RAPAPORT… Kimberley Process (KP) chairman Bernard Esau stressed that no decision has been made yet regarding Zimbabwe’s participation in the Kimberley Process Certification Scheme (KPCS). Esau refuted previous media reports claiming that the KP had already made a decision not to suspend Zimbabwe from the scheme.
Esau explained that his recent visit to Zimbabwe was not a review visit but a bilateral visit “for informative purposes only.” A KP team conducted a review mission to the country between June 30 and July 4 and subsequently provided the KP and Zimbabwe with an interim update in July, but has yet to publish its final report, the chairman reported.
“Any decisions by the Kimberley Process as to Zimbabwe’s membership will be taken in light of that final report on which Zimbabwe will have an opportunity to comment and in compliance with the agreed Kimberley Process rules and procedures,” the statement read. “No final decision has yet been taken. The chair has not made any unilateral decision on Zimbabwe and there was no intention to preempt any Kimberley Process.”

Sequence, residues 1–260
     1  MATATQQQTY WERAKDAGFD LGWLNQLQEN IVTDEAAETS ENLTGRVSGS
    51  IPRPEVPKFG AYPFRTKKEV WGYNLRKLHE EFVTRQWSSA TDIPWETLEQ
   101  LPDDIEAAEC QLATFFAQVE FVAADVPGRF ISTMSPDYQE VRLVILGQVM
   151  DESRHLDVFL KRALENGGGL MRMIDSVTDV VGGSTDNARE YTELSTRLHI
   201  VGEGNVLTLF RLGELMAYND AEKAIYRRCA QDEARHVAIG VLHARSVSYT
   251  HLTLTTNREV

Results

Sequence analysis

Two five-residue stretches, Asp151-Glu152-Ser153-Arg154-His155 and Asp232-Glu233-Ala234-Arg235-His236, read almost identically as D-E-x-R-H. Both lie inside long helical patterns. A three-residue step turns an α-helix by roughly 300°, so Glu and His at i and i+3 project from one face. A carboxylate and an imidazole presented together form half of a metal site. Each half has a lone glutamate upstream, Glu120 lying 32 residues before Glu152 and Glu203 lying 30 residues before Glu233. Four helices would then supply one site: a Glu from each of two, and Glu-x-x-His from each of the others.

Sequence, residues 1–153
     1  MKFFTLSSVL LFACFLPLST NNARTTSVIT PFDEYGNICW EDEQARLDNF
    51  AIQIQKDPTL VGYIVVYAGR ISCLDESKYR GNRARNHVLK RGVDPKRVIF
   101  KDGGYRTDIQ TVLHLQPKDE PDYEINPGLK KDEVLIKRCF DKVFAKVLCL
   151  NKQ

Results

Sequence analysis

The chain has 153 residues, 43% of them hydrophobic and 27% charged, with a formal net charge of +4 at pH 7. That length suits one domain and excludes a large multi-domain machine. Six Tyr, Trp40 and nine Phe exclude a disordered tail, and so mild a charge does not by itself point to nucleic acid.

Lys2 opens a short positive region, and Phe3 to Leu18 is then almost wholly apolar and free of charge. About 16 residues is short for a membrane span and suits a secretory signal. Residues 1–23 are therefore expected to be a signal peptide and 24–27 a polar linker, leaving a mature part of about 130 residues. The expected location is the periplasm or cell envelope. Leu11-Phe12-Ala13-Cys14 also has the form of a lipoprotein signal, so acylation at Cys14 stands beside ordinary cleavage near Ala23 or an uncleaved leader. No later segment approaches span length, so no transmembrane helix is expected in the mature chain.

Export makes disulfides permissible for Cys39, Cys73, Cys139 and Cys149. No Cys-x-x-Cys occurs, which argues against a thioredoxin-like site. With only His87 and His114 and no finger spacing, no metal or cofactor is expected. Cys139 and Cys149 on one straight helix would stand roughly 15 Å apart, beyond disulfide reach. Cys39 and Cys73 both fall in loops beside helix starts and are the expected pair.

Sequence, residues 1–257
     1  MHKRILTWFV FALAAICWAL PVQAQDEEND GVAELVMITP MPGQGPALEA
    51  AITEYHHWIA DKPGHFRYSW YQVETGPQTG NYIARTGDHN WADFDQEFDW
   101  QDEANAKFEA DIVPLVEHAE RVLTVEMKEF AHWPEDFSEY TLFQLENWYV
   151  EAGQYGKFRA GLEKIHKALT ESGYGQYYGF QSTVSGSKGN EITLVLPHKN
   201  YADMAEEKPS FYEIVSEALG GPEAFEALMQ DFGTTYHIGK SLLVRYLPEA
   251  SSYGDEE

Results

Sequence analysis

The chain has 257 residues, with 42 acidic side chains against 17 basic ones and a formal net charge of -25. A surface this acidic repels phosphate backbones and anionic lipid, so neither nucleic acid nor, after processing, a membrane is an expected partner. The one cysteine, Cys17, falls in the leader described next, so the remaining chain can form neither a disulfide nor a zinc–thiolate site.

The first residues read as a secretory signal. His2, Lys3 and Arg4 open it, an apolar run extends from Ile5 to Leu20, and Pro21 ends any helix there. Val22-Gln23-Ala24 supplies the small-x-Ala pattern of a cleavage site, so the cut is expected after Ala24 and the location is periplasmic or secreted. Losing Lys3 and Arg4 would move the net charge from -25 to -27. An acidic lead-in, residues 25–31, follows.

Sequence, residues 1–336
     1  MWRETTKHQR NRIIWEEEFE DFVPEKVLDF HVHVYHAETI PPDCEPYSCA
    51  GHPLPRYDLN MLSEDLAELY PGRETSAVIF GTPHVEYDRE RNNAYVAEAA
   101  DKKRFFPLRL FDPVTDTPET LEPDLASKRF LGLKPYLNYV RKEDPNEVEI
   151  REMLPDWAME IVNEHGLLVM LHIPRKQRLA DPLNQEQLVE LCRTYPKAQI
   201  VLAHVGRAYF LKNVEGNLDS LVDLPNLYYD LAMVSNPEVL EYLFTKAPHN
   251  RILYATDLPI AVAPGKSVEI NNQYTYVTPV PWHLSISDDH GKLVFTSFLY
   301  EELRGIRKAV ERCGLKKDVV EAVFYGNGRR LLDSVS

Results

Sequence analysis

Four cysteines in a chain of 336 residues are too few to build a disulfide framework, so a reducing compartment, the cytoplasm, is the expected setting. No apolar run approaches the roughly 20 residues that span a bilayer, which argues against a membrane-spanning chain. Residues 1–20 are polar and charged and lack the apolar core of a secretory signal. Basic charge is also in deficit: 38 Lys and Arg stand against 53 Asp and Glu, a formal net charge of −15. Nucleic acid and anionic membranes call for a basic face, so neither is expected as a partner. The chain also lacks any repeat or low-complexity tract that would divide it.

The statement comes two weeks after media reports cited Esau as saying that Zimbabwe will not face suspension. In August, nongovernment organizations (NGOs) Global Witness and Partnership Africa Canada, as well as the diamond industry’s representative at the process, the World Diamond Council, intensified calls for the KP to ban Zimbabwe from the scheme over alleged human rights violations and diamond smuggling from the Marange diamond fields in eastern Zimbabwe.
Zimbabwe has reportedly argued that suspending its membership would have a dramatic impact on the recovery of its frail economy. According to Kimberley Process statistics, the country produced 797,198.10 carats of rough diamonds valued at $43.8 million in 2008. Zimbabwe’s three main mines include the state-owned Marange alluvial fields, Rio Tinto’s 78-percent-owned Murowa mine and the River Ranch mine.